CAD’s latest portfolio additions tackle the subject nowhere near as popular as cables, power components or even decouplers. Scarce competition of course is a smart choice from the marketing perspective, however Scott’s awareness of what noise does to our audio setups is of key importance. His knowledge created the need to handle a specific kind of junk, found in the range from 700kHz way up to 10GHz and beyond, thus in the realm way above what our ears can directly intake, but indirectly they can. This HF mess generated via home appliance devices, routers, TVs, battery chargers, light dimmers and alike, propagates to our mains power and earth to then bleed into our audio systems and negatively impact their noise floor, which in effect leads to audible performance decrease.Audio hardware itself isn’t free from noise as well, especially digital transports based on electrically not exactly silent computer internals. CAD CAT’s trademark non-conductive acrylic enclosure, separated SSD drives and many other optimizations already put up a good fight against noise. However, it can be beaten even more efficiently via external measures and here’s where Scott’s Ground Control products step in. These goods are not only tailored to work with CAD’s core devices, but essentially every powered audio item out there.This review’s CAD GC3 Ground Control and GC1 Ground Control models were designed to convert ultrasonic noise located in connected hardware’s signal ground and/or mains earth lines into heat. But these two unusual boxes are passive, hence free from one’s AC power grid. Their job is to connect to any audio device’s free ground point via CAD’s own umbilical cables and then engage noise drainage out of it. Put shortly, the two loaners are black holes for noise; they absorb it but don’t let it out. Today’s acrylic enclosures store multiple layers of proprietary materials made accordingly to Scott’s guidelines. This composite needs several minutes to start the conversion process and the longer this review’s CADs are connected to a product, the more effective they are.The GC1 and measures (W x D x H) 111 x 322 x 89mm and weighs 4.65kg, whereas the bigger GC3 unit’s respective specs are 458 x 356 x 89mm and 16kg. The former sports two 4.4mm BFA-styled banana inputs on its rear, the latter has six in total. Both are visually utmost simple boxes, decorated only via CAD logos on their fronts and that’s it. No lights, no switches, no fuss. Each Ground Control product sits on four rubber legs, though I’d make these a bit taller. The compact and light GC1 was a breeze to lift and carry around, the GC3 less so yet still manageable. All GC series devices arrive with no umbilicals at all, these have to be ordered separately. There’s a reason for that however, each setup has different termination needs, thus the customer pays only for cables truly necessary. They’re based on solid core conductors and look regular dressed in their cotton sleeves, but their action isn’t ordinary. All Ground Control machines’ fundamental work is to extract high-frequency noise, thus a cable capable of carrying it from a connected device to them has to be of very low impedance, otherwise the point is missed.The usage of GC1 and GC3 might look like a self-explanatory breeze and to a degree it is indeed, but it’s good to know where exactly these devices should operate, how two or more interact with each other and what shouldn’t be done with them. Two sockets on the GC1’s rear would imply that two separate products can connect to it at once and that’s factual, it’ll work. However, multiple GC boxes can be daisy-chained to further increase their noise-killing efficiency, plus one CAD per audio component is the most desirable though rather luxurious scenario. These usage plots already introduce multiple routes to follow, the CAD grounding treatment isn’t as trivial as it might seem early on.Let’s now add two reference points to the mix; signal ground and mains earth. If an audio device has these separated, then any Ground Control model should connect only to one, but some machines oftentimes have one common ground, i.e. digital transports. This introduces the opportunity to connect i.e. GC1 to such a product and also the mains ground of a power distributor/conditioner at the same time. In this particular scenario such a combination most likely is beneficial, even though in many others it would be the exact opposite. That’s why to know how grounding is sorted in our hardware, is to avoid turning today’s CADs against us.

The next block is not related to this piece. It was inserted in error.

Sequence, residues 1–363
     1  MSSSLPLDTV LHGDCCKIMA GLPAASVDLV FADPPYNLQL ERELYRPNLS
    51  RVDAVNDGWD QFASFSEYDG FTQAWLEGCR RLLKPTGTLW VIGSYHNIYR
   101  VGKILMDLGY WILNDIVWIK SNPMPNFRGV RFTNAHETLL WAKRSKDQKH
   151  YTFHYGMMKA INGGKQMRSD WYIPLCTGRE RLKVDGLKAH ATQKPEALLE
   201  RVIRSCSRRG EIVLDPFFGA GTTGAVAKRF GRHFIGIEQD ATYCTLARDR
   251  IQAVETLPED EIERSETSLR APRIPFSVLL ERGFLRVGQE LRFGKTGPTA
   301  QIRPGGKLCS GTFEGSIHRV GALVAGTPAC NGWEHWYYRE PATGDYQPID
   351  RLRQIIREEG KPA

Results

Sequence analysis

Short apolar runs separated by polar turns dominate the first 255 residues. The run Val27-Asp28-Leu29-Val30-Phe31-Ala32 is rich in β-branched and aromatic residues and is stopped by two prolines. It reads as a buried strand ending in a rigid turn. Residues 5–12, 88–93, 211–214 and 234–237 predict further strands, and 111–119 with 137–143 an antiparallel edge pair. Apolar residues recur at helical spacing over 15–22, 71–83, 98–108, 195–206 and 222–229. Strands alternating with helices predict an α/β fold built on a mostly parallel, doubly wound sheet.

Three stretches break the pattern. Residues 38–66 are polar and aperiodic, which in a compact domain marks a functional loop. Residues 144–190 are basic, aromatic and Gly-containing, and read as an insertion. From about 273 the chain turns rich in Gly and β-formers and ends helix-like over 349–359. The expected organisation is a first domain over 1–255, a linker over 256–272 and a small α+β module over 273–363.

In order to review CAD’s GC1 and GC3 models, fidata HFAS-S10U handled storage and transport duties, then LampizatOr Pacific DAC (KR Audio T-100/Living Voice 300B + KR Audio 5U4G Ltd. Ed.) took over to pass the signal to Trilogy 925, and then to Cube Audio Nenuphar floorstanders with Boenicke S3 speaker cables in-between. All key components were connected via LessLoss C-MARC power cords to the GigaWatt PC-3 SE EVO+ power conditioner, which was then married to the main in-wall outlet via LC-3 EVO cable by the same manufacturer. The Amber-modded Excellence ICs by Audiomica Laboratory linked my DAC and amp.Two different CAD products plus several associated cables enabled multiple triangulations. The goal was to find out which box where exactly was the most efficient. Scott and Isabel provided me with guides of what I should try, but also expressed that with grounding it’s usually a major trial&error game if one is after the best performance possible. I surely was and that’s why a mild homework was in order prior to any critical listening. First of all, grounding plots in all three key components of my setup had to be mapped. My Trilogy 925 and Pacific DAC had their earth separated from signal ground, which is why in their cases CAD boxes had to be always separated from my power conditioner. Worst case scenario I’d make a ground loop. The HFAS-S10 deck on the other hand didn’t sport isolated ground, thus as the only one could be used with either GC1 or GC3 and the GigaWatt at the same time without the risk of counter-productive action.The next subject tackled the best possible connections from CAD devices to my hardware. The Japanese server/storage/streamer had its single USB socket already occupied, thus its enclosure directly connected to either CAD via this operation’s cable finished with a spade, was the only feasible way forward. Nic of Trilogy Sound Systems suggested any of the 925’s unused RCA inputs as good for the job and that’s what I did. The LampizatOr machine was the trickiest. Its grounding socket seemed to be the most obvious option and good indeed, but not the best one. This DAC’s RCA S/PDIF input proved to be audibly a bit better and soon I learnt why; the closer Scott’s boxes were to its main digital board, the easier it was for them to drain high-frequency junk out of it.Once everything above was sorted, the most suitable application for both grounding boxes had to be found somehow. All three components connected to their own CADs plus one extra for my power conditioner would be the ideal scenario, but undeniably the most expensive. This was off the table, I had half of required GCs but still with twice as many sockets (eight in total) I could possibly need. At this point Isabel labeled the fidata machine as most likely the noisiest, my DAC as the next in line and Nic’s 925 integrated amp as very civilized on this count. From there I knew where to start, however Srajan’s writing and Scott’s input helped me in establishing the key methodology behind all upcoming tests.CAD’s passive grounding devices take about 10-minutes time to settle down and have their draining action engaged, this procedure doesn’t happen right away. The usual comparative order had to be reversed then; I had to connect Ground Controls to my setup first, then forget about them for a while, then listen critically, then unplug them, finally listen again and possibly grasp any audible shifts. During this assignment my main setup was constantly powered on even during overnight standby, of course for CADs to net more working time and it worked. The longer these boxes are connected, the more clear their input is. I can safely say as early as now that it’s surprisingly potent, but we’ll get to that bit in detail shortly.In order to stick to the one-box-per-component primary guide, the GC3 connected to the fidata and its smaller kin supported my DAC, that was the starting point. Past two days spent on casual on/off comparisons, both CADs switched places and their audible input was lesser. Not by much, but sensibly enough to acknowledge that the digital front of my platform wasn’t exactly the same. It sounded worse without both GC boxes connected, that was clear, but not quite as good as with the GC1/GC3 hooked to my Pacific/HFAS-S10U respectively. The GC1’s bulkier costlier brother not only did more for my fidata machine, but in effect also marked it as noisier than my DAC, at least that was my understanding of what happened past the exercise up above. With this knowledge, I knew exactly what to do next.Both digital machines remained with their most fitting grounding boxes, this was a case closed for now. From there the obvious route included my fidata bonded with the GC3 now also married to one of my GigaWatt’s available outlets, just to see what happens. The listening routine hasn’t changed, 10-minutes long intervals were on as per usual. But most importantly, a single try of the GC3 on/off at the junction with my power conditioner was all it took to notice the difference. The HFAS-S10U clearly felt comfier in such a three-way; Scott’s box pushed its sonics in the already well-mapped direction, but audibly further enough to recognize the additional ground connection as the clear progress. However, my remaining hardware connected via any of CG boxes to my PC-3 SE EVO+ not only didn’t result in improvements, but my DAC’s sound got worse, which confirmed that signal earth and mains ground shouldn’t meet indeed. All experiments conducted thus far led to firm knowledge of what I could and couldn’t do with Scott’s products. From there the route was straightforward, only two tasks on my to-do list remained unchecked; I simply had to find the most potent use for today’s CADs in my setup and finally reveal their input.I could list numerous extra combinations I did to flesh out the best possible scenario, but at some point I acknowledged that there was more than one. For example, the GC1 connected to the Pacific plus the GC3 in-between my fidata deck and GigaWatt, all equaled on performance to my digital devices with the GC3 and the GC1 connected to the PC-3 SE EVO+. The same result I got after marrying the fidata and 925 to the GC3 and the Pacific to the GC1. To follow the guideline Isabel introduced me to, the GC3 in-between the fidata and the PC-3 SE EVO+ plus the GC1 connected to both my DAC and the 925 emerged as my optimal scenario. It might not be yours though, the grounding cleanup is not all black and white as it turns out. But most importantly, two CADs in my setup always did audibly more than just one already effective, their additive performance is the key takeaway.At this point it was high time to finally tackle the performance matter. Due to their noise removal service, CAD’s GC1 and GC3 models early on were viewed as components similar to accessories associated with power. Rightfully so as both quickly proved to perform the very same pleasantly familiar cleaning job. With just one in the chain, musical backdrop got darker, every virtual image displayed on it was outlined better thus less blurry, and also texturally not rounder/warmer but more moist instead, or pleasantly organic if you will. Put shortly, music sounded far more fluent, explicit and simply prettier with Scott’s grounding boxes on duty, and was also free from any tonal alterations. This input my ears have found inherently universal, my setup’s own voice didn’t factor in, it always remained faithful to its core profile. Everything served in more insightful very much unveiled fashion in my privy book is filed under the ‘clear progress with no downsides at all’ tab. Noise removal done right then? You betcha, but there’s still more to today’s CAD machines than this.The “Creeper” track from Acid’s “Liminal” album starts with snappy pulses, joined after a while by low bass notes and the key male vocal line shortly after. Exceptionally direct and open Cube Audio Nenuphar floorstanders handled this song with ease just as they should, but its quick introductory bursts were noticeably tighter and faster with both CADs engaged. Downstairs notes in this record were subjected to the same therapy to become more agile, a bit shorter and all in all grasped tighter, yet without any extension lost. A bit later in the same track, massive hand-clapping alike effects kick in. These are immediate, anything but subtle and at high SPL capable of proper scares to those unfamiliar with the song. This part both grounding boxes morphed into something even more violent, shorter, wilder and impressive, but as smooth as it ever was.Then I moved to yet another snappy though soundstage wise even grander song, “Inchworm” by Battles. The same story happened again with the GC1 and GC3 on duty; every agile content on this track sounded tighter and was presented in more resolving way, but the sensation of more air being pushed into my room was there as well. Rodrigo y Gabriela’s live take on “Orion” originally made by Metallica confirmed my findings, but now with unamplified acoustic guitars. These instruments had more momentum, decayed longer, each audible string pluck they had more sonorous, more information about their boxes was provided and the effect was substantially more exciting. The two CADs unplugged led to this song far slower, veiled and less clear. This exact shift I was easily able to replicate with KODO’s “Psychopomp”, “Mud” by Peaches, Hecq’s “Steeltongued”, “Walk This Way” by Aerosmith and a ton of other residents on my playlist. The difference was as clear as the timing related pattern itself, which in time emerged as today’s very much unexpected key twist.CAD GC1 and GC3’s performance always resulted in speedier, more clear and in effect accurate outcome, but also a bit slimmer. Early on I viewed this as a mild liposuction procedure, but in the long run this wasn’t the case. As per usual, one has to adjust to accessories such as today’s, otherwise their work might not be fully understood. After several days, my setup’s performance with CADs turned from bluntly slimmer to free from excessive chunk, more open and more clear in the process. Textural layers in check, even more spatial grandeur, elevated accuracy, finer outlines, more onstage breath and movement plus increased dynamic range all happily followed. If there was any sonic shortcoming to the CAD therapy, I couldn’t hear it.And lastly, both Ground Control models behaved in the same way with all used hardware, whereas the key difference between them narrowed down to their efficiency. The costlier GC3 simply did audibly more of the same thing plus it could accommodate three times as many components versus its smaller kin. That’s why the alike voiced albeit less potent latter I view as a good starting point for enthusiasts who’d like to get familiar with passive grounding treatment, yet avoid major financial commitments early on.